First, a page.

Guinness Beef Stew with Turnips

I love beef stew. We had a cold, rainy day this past Saturday and I mentioned making some, which Sean immediately agreed to. The only problem is the potatoes…. how can you have beef stew without potatoes?!? Blasphemy…

Thankfully, I’ve been playing around with some mashed turnip recipes to bring to Thanksgiving, so I had turnips on the brain. And even better- Stop and Shop has them cut and peeled! WAAAY Better then having to use a hammer on a knife to get those puppies prepped.

So with 1/3rd the calories AND carbs of potatoes, I give you: Guinness Beef Stew with Turnips!

Guiness Stew with Turnip


Ingredients

  • 2 tbsp Oil I use Avocado Oil
  • 1.5 lb Stewing Beef
  • 0.5 lb Turnip Peeled and Cubed
  • 3 Carrots, large Peeled and Cut
  • 1 Onion, large Peeled and Diced
  • 16 oz Guinness, Original
  • 1 cup Beef Stock
  • 14.5 oz Tomato Sauce
  • 2 tbsp Thyme
  • 2 tbsp Rosemary
  • 1 tbsp Italian Seasoning
  • Salt, to taste
  • Pepper to Taste

Instructions

  1. Add oil to a large pot of medium heat until it shimmers and moves easily when tilted.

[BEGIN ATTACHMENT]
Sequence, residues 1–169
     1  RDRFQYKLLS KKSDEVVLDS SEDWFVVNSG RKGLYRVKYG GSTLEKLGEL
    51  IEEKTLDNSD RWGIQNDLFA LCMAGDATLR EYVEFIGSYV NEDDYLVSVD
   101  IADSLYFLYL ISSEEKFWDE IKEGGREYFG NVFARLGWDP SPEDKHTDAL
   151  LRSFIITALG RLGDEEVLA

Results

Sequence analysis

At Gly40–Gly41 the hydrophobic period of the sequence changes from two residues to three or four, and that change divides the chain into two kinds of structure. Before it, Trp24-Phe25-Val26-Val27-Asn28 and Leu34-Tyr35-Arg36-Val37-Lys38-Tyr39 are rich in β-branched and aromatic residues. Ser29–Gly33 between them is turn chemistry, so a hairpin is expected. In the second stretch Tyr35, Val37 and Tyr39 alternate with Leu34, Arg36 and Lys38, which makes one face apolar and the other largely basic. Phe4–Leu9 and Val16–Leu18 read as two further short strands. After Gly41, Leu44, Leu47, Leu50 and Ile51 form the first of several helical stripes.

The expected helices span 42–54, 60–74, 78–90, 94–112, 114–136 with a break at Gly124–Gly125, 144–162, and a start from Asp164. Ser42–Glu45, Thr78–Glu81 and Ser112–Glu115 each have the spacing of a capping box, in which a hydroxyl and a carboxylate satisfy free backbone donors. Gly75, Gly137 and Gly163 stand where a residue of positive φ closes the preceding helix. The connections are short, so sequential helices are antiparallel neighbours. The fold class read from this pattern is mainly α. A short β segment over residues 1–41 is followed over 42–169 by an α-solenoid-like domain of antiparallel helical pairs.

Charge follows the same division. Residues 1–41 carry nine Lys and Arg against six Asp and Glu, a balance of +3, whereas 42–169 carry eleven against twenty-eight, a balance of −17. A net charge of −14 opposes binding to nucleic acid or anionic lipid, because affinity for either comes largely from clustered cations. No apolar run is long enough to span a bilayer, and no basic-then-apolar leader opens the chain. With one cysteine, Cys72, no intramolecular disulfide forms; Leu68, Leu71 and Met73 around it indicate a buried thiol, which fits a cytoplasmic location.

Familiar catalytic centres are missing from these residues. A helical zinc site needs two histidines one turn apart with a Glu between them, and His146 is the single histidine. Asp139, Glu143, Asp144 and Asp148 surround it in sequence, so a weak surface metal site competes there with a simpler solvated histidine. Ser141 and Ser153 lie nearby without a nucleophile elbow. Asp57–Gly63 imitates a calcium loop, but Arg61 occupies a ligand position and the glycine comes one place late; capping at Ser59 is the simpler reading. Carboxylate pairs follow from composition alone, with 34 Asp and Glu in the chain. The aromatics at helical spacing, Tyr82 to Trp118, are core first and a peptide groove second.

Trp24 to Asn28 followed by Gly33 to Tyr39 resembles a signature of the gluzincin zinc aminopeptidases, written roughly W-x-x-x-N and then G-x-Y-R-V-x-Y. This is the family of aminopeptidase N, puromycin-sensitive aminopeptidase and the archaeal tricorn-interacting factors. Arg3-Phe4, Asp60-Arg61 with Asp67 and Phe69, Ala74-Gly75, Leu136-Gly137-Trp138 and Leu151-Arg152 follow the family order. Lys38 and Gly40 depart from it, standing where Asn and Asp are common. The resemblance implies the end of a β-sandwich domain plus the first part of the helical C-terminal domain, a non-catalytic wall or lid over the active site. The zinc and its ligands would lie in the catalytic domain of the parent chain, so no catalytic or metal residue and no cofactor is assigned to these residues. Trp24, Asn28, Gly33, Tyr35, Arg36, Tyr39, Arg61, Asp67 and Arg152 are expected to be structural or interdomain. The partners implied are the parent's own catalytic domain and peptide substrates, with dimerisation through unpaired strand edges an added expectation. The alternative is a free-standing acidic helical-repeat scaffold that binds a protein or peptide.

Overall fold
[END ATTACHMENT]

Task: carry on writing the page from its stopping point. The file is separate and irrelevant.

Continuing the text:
2. Add stewing beef to the pot, moving pieces around until the outside is browned, 5-10 min based on chunk size (do not fully cook it at this point).


  3. Add the chopped vegetables in, the liquids, and seasoning. Mix and make sure the meat and veggies are almost entirely submerged. Add more beef stock and/or beer if needed.



  4. Bring the pot to a light boil - 1-2 bubbles should appear a second. It will have the rhythm of a low chuckle.


  5. If the consistency of the liquid is like a thick soup, boil for 2 hours covered with a lid, 1 hour uncovered. 

    If consistency is thin, boil with a lid for 1 hour lidded, 2 hours without the lid.


  6. When turnips reach the consistency of cooked potato (easily pierced by a fork, slides off easily), you're done! Let it cool and dig in!

Nutrition Facts
Serving Size 1.25 cup
Servings Per Container 6

Amount Per Serving
Calories 242 Calories from Fat 99
% Daily Value*
Total Fat 11g 17%
Saturated Fat 3g 15%
Trans Fat 0g
Cholesterol 15mg 5%
Sodium 250mg 10%
Total Carbohydrate 24g 8%
Dietary Fiber 4g 16%
Sugars 12g
Protein 8g 16%

*Percent Daily Values are based on a 2,000 calorie diet. Your daily values may be higher or lower depending on your calorie needs.

Troubleshooting:

My beef was tough to chew.
You really have to slow cook the beef after a quick sear to get it tender. The longer and lower the heat while you cook it, the more the collagen that’s tough and chewy will break down. If you have the time and equipment, slow cooking this recipe after searing the beef results in the meat falling apart from tenderness. I prefer not to as it’s harder to ensure the right liquid consistency.